When nurse Janis Hovorka first visited at her home in rural Maine, Irene barely let her past the front door.
“She told me right off, ‘I don’t need any help,’” says Hovorka, a patient care manager for the Kennebec Valley Community Care Team in Maine. “She even gave me an example: She shoveled her deck in the wintertime, though she walked with a cane.”
Irene, who had multiple health problems and substantial hearing loss, was a prime candidate for KVCCT’s services targeting “super- utilizers”—patients who make frequent trips to the emergency room and have many hospital admissions. They are the one percent of the population that, according to a 2012 report from the Agency for Healthcare Research and Quality, accounts for 20 percent of the nation’s health care costs, and the five percent that accounts for 50 percent.
Irene had also been missing medical appointments. Her doctors wondered if she was really taking her medication.
The meeting went downhill from there. But then Hovorka noticed a plaque on the wall that mentioned Irene’s tenure as president of the local historical society. Hovorka asked about it; Irene opened up. Pretty soon she was talking about other things: her younger years with an abusive husband, the fact that she had very little family and couldn’t hear well enough to use a telephone, her desire to lose weight.
Hovorka was able to help Irene get on a walking routine, sign up for Meals on Wheels, and get hearing aids through a grant program.
“She really lived a different life because she wasn’t struggling to hear everybody, including the doctor,” she says.
Hovorka told Irene’s story at the Robert Wood Johnson Foundation’s Super-Utilizer Summit in Chicago last summer. The Summit brought together leaders of six Aligning Forces for Quality sites around the country working on pilot projects to reduce emergency room visits and hospitalizations for “super-utilizers,” a small group of patients that disproportionately strain the health care system.
Often destitute and alone, these patients need help figuring out where to go and how to get health care so they’re well-cared for and no longer require frequent visits to the ER.
Super-utilizer patients fall into several different categories—from patients with chronic conditions to those who struggle with behavioral health needs that impede their ability to engage in self-care, to frail elderly patients.
In some instances, addressing health care needs isn’t enough on its own—some patients may lack access to phones for providers to check in on them, while others may have trouble keeping their lights on. Some are isolated because they live in remote areas or lack a network of family and friends nearby.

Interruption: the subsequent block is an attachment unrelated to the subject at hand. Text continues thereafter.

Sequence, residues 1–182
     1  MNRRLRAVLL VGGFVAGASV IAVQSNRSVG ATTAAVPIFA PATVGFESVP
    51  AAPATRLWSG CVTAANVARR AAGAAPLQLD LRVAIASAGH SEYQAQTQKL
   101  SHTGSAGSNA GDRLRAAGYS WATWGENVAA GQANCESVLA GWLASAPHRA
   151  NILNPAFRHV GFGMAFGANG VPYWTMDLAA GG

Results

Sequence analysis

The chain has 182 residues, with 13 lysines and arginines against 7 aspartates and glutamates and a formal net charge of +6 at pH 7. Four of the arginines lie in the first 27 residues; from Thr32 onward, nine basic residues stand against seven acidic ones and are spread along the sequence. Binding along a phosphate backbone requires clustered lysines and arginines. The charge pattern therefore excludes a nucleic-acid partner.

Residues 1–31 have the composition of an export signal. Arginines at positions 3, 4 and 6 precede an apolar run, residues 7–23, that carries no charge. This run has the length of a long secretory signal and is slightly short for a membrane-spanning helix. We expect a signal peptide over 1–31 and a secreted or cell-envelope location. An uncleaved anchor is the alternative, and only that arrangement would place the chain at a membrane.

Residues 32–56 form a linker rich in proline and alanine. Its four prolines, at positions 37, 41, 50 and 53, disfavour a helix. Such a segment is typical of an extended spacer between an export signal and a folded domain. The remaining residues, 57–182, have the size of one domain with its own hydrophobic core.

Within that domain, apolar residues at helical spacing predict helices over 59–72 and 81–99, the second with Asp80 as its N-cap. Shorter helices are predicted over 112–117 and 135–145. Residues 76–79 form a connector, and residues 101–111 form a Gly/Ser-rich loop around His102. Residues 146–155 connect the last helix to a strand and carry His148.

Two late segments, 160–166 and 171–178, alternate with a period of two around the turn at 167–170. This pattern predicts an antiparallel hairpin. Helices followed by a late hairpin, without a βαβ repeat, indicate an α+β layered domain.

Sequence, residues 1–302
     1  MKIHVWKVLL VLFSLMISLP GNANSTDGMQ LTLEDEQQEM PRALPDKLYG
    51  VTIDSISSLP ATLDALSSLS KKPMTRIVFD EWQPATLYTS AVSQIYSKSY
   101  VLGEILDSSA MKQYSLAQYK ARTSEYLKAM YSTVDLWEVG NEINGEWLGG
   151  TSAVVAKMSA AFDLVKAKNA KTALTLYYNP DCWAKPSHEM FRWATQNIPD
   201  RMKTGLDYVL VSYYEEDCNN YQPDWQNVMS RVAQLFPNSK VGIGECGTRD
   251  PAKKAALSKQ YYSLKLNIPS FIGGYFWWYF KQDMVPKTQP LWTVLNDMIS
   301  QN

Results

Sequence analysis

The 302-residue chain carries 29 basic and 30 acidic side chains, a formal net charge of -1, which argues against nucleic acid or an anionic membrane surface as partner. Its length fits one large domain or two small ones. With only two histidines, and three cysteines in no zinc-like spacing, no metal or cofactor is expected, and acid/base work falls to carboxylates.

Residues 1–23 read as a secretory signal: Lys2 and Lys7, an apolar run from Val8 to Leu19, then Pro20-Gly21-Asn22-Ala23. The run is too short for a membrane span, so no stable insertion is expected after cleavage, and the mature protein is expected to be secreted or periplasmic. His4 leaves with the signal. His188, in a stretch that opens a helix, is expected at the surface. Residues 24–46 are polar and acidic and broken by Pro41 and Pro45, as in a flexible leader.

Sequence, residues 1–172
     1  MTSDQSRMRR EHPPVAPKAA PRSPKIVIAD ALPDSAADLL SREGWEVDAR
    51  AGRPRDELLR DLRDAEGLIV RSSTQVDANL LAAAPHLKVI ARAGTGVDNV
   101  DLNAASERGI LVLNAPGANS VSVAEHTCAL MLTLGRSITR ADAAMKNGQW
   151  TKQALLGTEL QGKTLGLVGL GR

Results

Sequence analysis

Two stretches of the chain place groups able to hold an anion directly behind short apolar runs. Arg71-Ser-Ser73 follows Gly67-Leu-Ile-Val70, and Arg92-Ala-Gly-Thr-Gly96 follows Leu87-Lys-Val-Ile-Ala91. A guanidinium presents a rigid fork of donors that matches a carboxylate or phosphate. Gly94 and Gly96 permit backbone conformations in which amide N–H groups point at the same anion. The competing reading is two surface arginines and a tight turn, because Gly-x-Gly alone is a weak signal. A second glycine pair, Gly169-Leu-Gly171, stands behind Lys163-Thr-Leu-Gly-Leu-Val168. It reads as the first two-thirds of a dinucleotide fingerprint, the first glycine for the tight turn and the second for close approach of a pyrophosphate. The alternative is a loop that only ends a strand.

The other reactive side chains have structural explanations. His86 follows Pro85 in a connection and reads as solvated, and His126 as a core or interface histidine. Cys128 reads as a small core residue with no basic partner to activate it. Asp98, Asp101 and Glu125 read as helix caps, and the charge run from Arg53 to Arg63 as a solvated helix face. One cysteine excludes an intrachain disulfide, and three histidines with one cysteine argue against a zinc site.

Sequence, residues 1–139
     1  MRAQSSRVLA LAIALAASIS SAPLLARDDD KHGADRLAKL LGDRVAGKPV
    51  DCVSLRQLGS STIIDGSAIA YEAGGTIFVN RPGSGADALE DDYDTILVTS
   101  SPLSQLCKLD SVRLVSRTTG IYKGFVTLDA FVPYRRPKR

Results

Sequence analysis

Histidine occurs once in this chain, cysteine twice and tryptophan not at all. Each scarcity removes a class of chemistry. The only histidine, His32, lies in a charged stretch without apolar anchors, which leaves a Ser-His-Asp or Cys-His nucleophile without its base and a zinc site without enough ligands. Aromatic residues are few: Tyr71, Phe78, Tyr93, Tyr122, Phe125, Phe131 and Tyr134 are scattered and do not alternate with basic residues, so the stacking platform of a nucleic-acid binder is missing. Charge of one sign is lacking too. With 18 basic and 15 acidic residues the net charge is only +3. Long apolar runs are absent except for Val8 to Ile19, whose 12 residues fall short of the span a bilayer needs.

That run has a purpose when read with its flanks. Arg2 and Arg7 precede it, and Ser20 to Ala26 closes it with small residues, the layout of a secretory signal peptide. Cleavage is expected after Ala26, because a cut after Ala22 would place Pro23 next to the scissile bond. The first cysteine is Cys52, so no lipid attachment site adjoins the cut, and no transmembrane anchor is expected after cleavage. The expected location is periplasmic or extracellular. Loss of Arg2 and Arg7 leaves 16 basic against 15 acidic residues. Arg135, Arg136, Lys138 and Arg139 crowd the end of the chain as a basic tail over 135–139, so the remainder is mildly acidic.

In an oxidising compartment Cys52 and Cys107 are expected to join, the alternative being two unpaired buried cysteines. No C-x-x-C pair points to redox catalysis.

At last summer’s meeting, representatives from the six sites—Maine; Cleveland; Humboldt County, Calif.; West Michigan; Greater Boston; and Cincinnati—shared strategies, struggles, and success stories for meeting the complex needs of the patients they work with.
Jeffrey Brenner, MD, executive director of the Camden Coalition of Healthcare Providers, provided big-picture perspective, addressing lessons learned across the sites and better ways to track data and broaden the scope of these pilot projects.
When Brenner began gathering data from hospitals and mapping health care use across Camden, N.J., in the early 2000s, 13 percent of patients accounted for 80 percent of hospital costs in the impoverished city. He and other primary care providers in the coalition began building relationships across the health care system—from hospitals to social workers and government agencies—to find better ways to care for these super-utilizers.
The six pilot Aligning Forces projects, funded by RWJF, grew out of Brenner’s work.
“These pilot projects really build on the work the Alliances are doing in their communities to improve the equality and the value of health care and to decrease disparities in their communities,” says Susan Mende, BSN, MPH, senior program officer for RWJF. “If you want to address quality, value, and disparities, you have to look at better ways of providing care for this group of patients.”
The differences are profound. In Cleveland, low-risk patients cost the health care system about $2,000 a year each. High-risk patients cost on average $54,000 a year each, says Alice Petrulis, MD, clinical champion of the Red Carpet Care program at MetroHealth.